I couldn't help but to think back about another experience I had up at Rusty's a couple of years ago. It was when we were still in the throws of the pandemic. It could have been when some of the restrictions were being eased, but we were still being sternly warned to stay away from each other and you'd best have a mask on if you are in public.
Well, it was a Friday at that time, and we ventured up the Canyon to Rusty's. What I saw on that night those years ago was even better than the great meal we had. On that Friday, it was packed, people were laughing and socializing and just having joy in being with each other. And not a mask to be seen.
It was as if I had found my way back to America from whatever strange land I had been dwelling in for the last several months. And it felt great. And in the room that night there was a sense that you're just not going to beat us down.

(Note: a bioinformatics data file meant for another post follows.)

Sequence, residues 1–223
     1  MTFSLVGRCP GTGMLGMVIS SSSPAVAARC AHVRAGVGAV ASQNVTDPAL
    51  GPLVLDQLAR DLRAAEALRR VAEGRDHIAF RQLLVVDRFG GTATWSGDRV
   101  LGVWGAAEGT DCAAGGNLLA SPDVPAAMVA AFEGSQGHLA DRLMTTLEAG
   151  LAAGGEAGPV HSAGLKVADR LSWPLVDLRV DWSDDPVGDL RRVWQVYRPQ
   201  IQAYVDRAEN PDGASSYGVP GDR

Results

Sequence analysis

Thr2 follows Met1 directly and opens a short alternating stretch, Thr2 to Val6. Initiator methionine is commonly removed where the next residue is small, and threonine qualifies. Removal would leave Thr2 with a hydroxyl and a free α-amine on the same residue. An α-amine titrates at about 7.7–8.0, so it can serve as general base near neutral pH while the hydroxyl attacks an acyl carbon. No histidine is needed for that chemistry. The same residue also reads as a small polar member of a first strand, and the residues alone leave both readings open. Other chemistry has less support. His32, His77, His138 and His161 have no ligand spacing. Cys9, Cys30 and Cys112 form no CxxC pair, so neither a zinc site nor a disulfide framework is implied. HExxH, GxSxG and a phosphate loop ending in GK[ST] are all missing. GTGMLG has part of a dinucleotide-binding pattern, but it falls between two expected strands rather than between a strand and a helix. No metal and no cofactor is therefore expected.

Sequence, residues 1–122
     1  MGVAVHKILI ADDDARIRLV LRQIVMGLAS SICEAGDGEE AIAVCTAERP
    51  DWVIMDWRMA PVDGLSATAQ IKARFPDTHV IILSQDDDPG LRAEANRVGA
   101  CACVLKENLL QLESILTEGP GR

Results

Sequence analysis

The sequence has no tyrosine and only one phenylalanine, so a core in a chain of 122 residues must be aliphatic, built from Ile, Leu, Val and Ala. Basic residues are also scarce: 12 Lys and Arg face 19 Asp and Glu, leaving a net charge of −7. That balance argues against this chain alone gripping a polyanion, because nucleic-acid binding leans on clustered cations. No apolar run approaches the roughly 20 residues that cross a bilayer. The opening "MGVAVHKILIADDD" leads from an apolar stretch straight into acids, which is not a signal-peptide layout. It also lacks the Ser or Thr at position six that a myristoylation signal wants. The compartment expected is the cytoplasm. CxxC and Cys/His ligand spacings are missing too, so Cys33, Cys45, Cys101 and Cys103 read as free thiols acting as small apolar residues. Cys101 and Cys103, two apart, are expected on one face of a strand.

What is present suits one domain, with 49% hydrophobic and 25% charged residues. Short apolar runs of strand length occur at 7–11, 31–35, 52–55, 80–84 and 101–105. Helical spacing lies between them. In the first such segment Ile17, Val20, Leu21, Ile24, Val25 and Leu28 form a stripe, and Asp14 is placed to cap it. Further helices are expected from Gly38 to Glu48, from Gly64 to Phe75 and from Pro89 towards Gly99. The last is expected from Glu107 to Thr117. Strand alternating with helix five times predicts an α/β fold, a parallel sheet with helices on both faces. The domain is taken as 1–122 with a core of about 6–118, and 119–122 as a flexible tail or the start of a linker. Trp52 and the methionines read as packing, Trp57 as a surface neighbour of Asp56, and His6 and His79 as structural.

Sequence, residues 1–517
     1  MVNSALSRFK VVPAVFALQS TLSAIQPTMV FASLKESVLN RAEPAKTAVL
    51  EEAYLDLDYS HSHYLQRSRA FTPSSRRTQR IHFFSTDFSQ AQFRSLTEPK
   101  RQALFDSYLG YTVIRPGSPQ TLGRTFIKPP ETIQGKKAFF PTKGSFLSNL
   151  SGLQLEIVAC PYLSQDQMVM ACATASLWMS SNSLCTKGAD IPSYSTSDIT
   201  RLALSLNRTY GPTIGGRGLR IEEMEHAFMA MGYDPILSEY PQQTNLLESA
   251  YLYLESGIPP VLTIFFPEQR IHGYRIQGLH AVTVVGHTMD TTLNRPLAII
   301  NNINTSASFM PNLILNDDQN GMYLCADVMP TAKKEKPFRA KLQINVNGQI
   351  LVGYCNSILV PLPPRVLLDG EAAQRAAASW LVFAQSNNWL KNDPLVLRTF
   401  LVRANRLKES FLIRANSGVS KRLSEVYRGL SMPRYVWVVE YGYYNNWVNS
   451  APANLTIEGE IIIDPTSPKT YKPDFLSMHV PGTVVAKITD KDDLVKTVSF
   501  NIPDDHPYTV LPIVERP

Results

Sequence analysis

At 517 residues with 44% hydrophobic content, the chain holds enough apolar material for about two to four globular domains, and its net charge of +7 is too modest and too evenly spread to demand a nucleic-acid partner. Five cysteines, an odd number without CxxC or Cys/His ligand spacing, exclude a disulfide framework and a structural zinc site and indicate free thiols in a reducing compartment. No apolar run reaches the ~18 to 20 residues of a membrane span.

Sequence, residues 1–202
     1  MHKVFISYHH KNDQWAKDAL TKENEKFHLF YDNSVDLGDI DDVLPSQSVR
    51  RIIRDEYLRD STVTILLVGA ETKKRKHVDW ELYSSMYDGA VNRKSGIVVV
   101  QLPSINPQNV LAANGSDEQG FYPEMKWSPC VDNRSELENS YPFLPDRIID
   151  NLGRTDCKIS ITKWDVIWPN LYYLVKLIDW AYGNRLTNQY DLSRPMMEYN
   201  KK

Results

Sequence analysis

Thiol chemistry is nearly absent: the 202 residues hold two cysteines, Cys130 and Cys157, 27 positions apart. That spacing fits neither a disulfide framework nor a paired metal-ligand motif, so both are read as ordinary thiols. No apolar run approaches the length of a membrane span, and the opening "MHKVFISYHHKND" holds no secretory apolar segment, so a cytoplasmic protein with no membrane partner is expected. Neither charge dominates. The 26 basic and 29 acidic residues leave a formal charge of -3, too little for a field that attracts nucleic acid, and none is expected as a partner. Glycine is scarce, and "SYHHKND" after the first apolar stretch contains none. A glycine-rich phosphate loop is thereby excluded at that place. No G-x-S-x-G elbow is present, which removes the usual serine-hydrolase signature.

Americans have a long history of bouncing back from adversity, whether it's economic recessions, natural disasters, personal setbacks, and yes pandemics. They have shown an ability to adapt and overcome obstacles.
So let's get back now to last Thursday.
I really have little, if anything to complain about in my life. But that won't stop me. Most of the day, I'm exposed to the media. And in that exposure, I'm constantly told just how miserable it is to be living in today's world. How many problems we face. How bad things are in the world today.
And then, as a bonus, I'm told that if I don't conform to all that I'm being told that I must do to remove the the stains of the world, it will be all my fault. Do you ever feel the same? After watching dour faced persons tell us the events of the day, do you ever feel like they are pointing a virtual finger of shame at us if we still find happiness?